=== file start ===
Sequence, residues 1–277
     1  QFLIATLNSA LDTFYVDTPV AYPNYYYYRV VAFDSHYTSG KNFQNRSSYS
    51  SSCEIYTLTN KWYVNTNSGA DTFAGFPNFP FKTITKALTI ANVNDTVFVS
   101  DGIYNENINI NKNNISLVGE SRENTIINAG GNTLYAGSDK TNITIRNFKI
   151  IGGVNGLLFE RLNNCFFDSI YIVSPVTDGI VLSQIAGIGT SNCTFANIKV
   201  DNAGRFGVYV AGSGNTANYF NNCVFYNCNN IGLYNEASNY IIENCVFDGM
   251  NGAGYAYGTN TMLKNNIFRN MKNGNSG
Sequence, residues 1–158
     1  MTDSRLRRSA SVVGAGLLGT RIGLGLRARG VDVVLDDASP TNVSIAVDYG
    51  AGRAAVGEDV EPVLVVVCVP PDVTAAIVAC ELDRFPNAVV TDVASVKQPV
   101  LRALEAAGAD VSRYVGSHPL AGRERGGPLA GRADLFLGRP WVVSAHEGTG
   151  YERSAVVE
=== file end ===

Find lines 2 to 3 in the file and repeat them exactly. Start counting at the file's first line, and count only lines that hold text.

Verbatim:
     1  QFLIATLNSA LDTFYVDTPV AYPNYYYYRV VAFDSHYTSG KNFQNRSSYS
    51  SSCEIYTLTN KWYVNTNSGA DTFAGFPNFP FKTITKALTI ANVNDTVFVS